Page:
Even with plants back to full strength, automakers are struggling to meet the demand for their most popular sellers, like pickups.

  • The pandemic has, if anything, accelerated the growth of mergers, acquisitions and joint ventures. The Fiat Chrysler/PSA tie up cleared its last major hurdle and will be completed early in 2021. Ford and Honda added new JV projects, as did Aston Martin and Mercedes-Benz, among a long list of others.
  • Despite the pandemic, the pace picked up in two key areas that could radically reshape the auto industry in the coming decade: autonomous and electrified vehicles. A wave of new battery-electric cars, including the Ford Mustang Mach-E, debuted, with more to follow. Meanwhile, more autonomous vehicle prototypes have taken to the road, including the first fully driverless ones.
  • Another trend expected to reshape the business largely went bust in 2020, many ride-sharing customers pulling back, either due to lockdowns or a fear of getting into vehicles where they could be exposed to the coronavirus. The same concerns have led to a massive drop off in the use of mass transit.
  • Many commuters have decided to shift back to personal vehicles, helping boost U.S. sales. But with millions now working from home, U.S. traffic is ending 2020 still sharply down from pre-pandemic levels, according to tracking data from TomTom and others.

    Electric vehicles, like the new Mustang Mach-E, are making inroads in the U.S. market.

  • As it entered its last year in office, the anti-regulatory Trump administration finalized plans to sharply scale back the Corporate Average Fuel Economy standards set by the prior Obama White House – though that and other moves are tied up in courts and could be reversed as a result of the 2020 presidential election.
  • And, rounding things out from a business perspective, Tesla joined the S&P 500 after watching its stock price increase nearly a dozen-fold from the beginning of the year – while also now positioning its balance sheet solidly in the black.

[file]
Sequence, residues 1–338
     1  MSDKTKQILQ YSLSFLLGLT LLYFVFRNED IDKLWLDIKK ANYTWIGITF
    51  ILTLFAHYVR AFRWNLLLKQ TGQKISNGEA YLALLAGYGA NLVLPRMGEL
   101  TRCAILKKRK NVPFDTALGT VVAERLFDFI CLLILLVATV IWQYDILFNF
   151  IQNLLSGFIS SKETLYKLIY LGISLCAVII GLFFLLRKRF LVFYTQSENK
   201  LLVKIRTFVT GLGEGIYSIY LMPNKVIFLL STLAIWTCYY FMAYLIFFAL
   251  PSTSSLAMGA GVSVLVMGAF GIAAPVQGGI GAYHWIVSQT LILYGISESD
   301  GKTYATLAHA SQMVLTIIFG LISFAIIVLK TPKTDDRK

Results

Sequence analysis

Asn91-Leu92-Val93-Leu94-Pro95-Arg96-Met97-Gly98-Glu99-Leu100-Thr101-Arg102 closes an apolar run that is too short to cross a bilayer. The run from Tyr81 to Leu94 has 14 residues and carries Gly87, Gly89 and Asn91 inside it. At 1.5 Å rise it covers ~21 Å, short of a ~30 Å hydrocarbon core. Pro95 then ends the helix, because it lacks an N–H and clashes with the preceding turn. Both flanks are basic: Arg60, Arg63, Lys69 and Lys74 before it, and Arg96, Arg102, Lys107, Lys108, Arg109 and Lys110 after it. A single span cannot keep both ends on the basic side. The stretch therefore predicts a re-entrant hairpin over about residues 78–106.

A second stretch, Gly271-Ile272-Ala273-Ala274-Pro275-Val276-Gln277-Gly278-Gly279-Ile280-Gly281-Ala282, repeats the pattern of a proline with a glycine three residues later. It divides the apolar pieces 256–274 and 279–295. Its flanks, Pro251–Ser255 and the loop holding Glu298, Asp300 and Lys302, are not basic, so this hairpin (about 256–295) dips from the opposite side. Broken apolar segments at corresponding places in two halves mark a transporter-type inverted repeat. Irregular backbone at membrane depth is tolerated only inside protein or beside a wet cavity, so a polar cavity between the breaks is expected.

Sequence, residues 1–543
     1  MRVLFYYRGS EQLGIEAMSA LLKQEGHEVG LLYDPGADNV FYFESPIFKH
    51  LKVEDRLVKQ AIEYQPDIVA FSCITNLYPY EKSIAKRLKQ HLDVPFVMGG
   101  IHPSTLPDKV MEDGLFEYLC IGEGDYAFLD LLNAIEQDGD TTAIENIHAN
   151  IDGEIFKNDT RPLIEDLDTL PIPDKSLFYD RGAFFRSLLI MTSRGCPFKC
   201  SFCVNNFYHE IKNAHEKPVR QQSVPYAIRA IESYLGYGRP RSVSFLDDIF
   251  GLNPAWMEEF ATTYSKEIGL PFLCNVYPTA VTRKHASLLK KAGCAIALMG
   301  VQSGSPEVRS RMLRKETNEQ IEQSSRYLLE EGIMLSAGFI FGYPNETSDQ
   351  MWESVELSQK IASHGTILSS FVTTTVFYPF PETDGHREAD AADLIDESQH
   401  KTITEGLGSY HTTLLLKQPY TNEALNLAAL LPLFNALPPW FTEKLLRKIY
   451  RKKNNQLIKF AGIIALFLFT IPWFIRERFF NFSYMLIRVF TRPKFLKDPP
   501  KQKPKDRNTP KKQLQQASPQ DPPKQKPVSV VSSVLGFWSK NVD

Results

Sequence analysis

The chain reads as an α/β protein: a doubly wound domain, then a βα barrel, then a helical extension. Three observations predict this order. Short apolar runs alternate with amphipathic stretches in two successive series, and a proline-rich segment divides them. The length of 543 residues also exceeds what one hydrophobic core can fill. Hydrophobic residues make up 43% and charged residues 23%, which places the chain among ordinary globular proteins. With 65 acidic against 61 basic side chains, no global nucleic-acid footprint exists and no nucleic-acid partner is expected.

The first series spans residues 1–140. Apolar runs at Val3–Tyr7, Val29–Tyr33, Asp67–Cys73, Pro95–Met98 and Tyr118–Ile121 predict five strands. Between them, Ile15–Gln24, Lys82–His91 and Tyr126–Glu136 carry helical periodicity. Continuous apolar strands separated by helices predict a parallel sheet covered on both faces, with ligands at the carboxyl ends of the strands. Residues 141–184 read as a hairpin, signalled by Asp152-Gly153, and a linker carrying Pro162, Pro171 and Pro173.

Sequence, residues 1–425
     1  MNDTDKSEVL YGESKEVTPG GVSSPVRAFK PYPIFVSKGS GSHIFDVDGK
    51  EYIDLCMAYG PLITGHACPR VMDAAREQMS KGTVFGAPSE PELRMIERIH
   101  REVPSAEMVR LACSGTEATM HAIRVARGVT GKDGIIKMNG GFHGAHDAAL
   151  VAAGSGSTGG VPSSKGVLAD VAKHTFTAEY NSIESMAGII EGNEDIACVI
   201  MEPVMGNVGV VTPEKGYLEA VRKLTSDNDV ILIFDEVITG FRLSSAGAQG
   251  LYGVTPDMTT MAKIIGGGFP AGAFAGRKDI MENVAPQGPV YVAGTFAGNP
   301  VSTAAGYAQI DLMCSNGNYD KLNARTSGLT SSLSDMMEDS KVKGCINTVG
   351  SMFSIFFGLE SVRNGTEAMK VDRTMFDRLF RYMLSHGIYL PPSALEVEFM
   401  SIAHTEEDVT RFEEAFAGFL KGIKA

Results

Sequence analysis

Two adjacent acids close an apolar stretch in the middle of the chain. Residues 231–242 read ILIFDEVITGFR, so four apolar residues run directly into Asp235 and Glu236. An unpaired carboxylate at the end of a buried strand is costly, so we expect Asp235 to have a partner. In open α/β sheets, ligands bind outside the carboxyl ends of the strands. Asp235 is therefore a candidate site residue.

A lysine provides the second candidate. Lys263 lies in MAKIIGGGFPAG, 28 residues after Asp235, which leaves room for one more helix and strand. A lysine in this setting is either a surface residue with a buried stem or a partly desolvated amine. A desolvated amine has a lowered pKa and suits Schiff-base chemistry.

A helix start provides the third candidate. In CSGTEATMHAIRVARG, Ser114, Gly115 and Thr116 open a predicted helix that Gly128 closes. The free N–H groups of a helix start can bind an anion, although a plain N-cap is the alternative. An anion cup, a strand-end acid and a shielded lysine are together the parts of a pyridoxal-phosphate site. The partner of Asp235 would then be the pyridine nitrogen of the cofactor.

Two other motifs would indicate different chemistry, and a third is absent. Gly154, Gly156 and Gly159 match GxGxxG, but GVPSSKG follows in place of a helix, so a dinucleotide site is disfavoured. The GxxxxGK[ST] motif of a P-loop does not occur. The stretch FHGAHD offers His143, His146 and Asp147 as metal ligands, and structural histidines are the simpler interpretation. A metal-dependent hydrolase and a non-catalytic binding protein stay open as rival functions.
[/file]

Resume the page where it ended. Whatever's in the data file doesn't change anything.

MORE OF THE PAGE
(Ford, GM prepped to build ventilators, other essential medical gear.)

These are just some of the most significant developments this past year. During any other circuit around the sun plenty of other stories would have made the list. The latest wave of the COVID-19 crisis ensures it will remain part of automotive headlines going into 2021. The question is how much of an impact it will continue to have? Here are key stories to watch for next year:

  • As infections and deaths rise, there are concerns about the need for new lockdowns.
  • The pandemic relief bill passed days before the holidays begin should help shore up the U.S. economy, though the smaller level of assistance may not carry the muscle of the spring 2020 effort. The general consensus is that, with the new aid, auto sales will continue to rebound – but fall short of pre-pandemic levels.

    Jim Farley, Ford CEO, began his first day with a shakeup within the ranks of the senior management team.

  • The incoming Biden administration is expected to take a decidedly more pro-regulatory approach, especially when it comes to the environment and industry observers expect to see quick moves to reverse the CAFE rollback, boost demand for EVs and move forward on new safety regulations.
  • A new company called Stellantis will be born sometime during Q1 2021, completing the planned merger of FCA and PSA. But there are widespread expectations that the industry will see an accelerating wave of consolidation and cooperative efforts, especially new joint ventures.
  • The new year will usher in what is expected to be explosive growth in the number of new battery-electric vehicles, (as well as plug-ins and conventional hybrids). Among key products to watch for: the GMC Hummer, the Volkswagen ID.4, the Tesla Cybertruck and the Lucid Air.

(Global auto sales expected to rebound next year — but may need til 2025 to reach pre-COVID levels.)

We’ll also be watching to see what happens in terms of traffic, public transit, ride-sharing and gas prices, as well as the possible revival of auto shows, among other stories to come in 2021.